The Vatican Film Library is a film archive established in 1959 by Pope John XXIII. The collection comprises over 7,000 films including historic films, Church events, commercial films and documentaries.
It is to be distinguished from the Knights of Columbus Vatican Film Library at Saint Louis University.
Vatican City, officially Vatican City State, is an independent city-state enclaved within Rome, Italy. Established with the Lateran Treaty (1929), it is distinct from, yet under "full ownership, exclusive dominion, and sovereign authority and jurisdiction" of the Holy See. With an area of 49 hectares and a population of about 825, it is the smallest sovereign state in the world by both area and population.
The Apostolic Palace is the official residence of the pope, the head of the Catholic Church, located in Vatican City. It is also known as the Papal Palace, the Palace of the Vatican and the Vatican Palace. The Vatican itself refers to the building as the Palace of Sixtus V, in honor of Pope Sixtus V, who built most of the present form of the palace.
The Vatican Apostolic Library, more commonly known as the Vatican Library or informally as the Vat, is the library of the Holy See, located in Vatican City. Formally established in 1475, although it is much older, it is one of the oldest libraries in the world and contains one of the most significant collections of historical texts. It has 75,000 codices from throughout history, as well as 1.1 million printed books, which include some 8,500 incunabula.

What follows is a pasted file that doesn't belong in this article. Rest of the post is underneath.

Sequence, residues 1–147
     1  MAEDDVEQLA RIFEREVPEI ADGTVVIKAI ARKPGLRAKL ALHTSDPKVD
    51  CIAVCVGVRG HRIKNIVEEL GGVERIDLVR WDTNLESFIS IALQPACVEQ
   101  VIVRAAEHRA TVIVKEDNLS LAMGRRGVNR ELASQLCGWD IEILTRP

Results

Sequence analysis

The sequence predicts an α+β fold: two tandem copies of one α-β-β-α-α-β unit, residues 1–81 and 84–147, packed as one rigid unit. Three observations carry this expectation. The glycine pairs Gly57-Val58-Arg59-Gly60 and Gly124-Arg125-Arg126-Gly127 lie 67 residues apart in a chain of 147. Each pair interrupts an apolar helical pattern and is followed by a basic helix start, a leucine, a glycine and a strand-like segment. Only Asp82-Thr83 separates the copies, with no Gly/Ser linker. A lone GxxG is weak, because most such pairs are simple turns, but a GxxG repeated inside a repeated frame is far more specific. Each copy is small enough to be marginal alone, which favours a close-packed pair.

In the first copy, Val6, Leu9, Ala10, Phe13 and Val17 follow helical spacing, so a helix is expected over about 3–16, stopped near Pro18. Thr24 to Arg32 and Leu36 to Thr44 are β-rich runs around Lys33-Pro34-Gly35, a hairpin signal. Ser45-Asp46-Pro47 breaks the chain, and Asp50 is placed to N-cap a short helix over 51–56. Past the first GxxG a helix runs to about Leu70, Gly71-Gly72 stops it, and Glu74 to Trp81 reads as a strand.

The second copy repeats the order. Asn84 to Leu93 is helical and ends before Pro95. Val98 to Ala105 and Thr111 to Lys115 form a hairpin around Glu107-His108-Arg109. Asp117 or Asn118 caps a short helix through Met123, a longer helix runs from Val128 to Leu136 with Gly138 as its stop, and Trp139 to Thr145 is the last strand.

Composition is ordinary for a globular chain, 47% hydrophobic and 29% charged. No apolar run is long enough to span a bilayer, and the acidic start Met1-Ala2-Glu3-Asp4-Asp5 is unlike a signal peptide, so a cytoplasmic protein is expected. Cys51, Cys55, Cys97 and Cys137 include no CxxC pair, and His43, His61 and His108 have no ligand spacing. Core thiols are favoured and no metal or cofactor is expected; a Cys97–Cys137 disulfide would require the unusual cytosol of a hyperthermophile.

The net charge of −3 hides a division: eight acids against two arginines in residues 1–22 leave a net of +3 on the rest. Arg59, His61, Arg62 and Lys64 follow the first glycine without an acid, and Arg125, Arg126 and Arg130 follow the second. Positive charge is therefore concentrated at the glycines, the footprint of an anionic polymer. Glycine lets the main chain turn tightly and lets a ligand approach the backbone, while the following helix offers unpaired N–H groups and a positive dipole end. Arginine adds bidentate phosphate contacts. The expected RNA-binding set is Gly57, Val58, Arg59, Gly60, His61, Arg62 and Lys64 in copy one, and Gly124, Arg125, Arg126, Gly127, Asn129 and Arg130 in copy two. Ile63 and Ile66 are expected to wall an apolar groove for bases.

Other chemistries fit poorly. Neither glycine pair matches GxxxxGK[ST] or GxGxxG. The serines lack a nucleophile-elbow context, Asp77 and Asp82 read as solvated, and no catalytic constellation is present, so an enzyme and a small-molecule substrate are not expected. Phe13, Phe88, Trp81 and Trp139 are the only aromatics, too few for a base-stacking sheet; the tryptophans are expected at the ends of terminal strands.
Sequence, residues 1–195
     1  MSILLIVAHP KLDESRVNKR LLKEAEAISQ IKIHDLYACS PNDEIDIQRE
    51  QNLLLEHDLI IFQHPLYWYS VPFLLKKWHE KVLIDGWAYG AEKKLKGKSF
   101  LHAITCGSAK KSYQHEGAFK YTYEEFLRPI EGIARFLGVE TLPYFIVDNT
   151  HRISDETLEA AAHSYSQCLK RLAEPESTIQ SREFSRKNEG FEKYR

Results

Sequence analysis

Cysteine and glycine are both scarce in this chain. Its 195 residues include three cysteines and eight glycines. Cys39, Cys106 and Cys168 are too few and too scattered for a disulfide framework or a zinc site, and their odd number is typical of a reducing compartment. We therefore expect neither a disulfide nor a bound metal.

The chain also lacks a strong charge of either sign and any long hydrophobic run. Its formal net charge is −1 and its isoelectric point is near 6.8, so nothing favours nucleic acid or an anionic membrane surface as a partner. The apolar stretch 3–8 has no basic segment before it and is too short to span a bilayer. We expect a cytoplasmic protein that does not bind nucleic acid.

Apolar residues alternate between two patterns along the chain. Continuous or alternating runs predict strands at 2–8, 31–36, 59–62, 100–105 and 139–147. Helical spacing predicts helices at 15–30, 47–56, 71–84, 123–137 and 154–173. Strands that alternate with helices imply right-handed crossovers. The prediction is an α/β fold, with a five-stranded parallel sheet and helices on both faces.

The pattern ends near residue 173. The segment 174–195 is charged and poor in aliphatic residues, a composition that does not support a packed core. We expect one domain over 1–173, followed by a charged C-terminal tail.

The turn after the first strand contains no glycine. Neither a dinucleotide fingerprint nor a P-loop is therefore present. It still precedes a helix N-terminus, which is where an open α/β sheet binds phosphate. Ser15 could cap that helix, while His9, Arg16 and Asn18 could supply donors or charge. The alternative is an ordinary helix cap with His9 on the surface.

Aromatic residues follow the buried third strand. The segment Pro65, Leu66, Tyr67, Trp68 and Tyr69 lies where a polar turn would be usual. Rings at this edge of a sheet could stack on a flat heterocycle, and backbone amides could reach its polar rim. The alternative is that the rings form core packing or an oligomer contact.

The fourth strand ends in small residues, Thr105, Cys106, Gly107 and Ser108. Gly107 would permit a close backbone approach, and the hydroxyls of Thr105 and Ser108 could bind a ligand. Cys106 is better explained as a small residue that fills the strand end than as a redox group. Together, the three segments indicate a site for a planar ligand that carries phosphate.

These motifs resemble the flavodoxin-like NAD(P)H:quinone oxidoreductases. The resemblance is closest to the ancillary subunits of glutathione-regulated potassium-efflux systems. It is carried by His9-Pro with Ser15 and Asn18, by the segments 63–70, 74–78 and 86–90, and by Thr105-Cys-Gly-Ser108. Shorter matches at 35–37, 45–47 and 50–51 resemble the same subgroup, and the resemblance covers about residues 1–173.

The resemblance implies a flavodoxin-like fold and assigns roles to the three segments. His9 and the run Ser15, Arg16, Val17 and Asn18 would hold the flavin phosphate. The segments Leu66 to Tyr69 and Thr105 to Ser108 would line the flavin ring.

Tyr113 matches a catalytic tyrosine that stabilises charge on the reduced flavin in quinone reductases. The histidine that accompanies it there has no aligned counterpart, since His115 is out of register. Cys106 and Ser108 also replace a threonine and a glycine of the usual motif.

The Vatican Apostolic Archive, known until October 2019 as the Vatican Secret Archive, is the central repository in the Vatican City of all acts promulgated by the Holy See. The pope, as Sovereign of Vatican City, owns the material held in the archive until his death or resignation, with ownership passing to his successor. The archive also contains state papers, correspondence, account books, and many other documents that the church has accumulated over the centuries. In the 17th century, under the orders of Pope Paul V, the Secret Archive was separated from the Vatican Library, where scholars had some very limited access, and remained closed to outsiders until the late 19th century, when Pope Leo XIII opened the archive to researchers, more than a thousand of whom now examine some of its documents each year.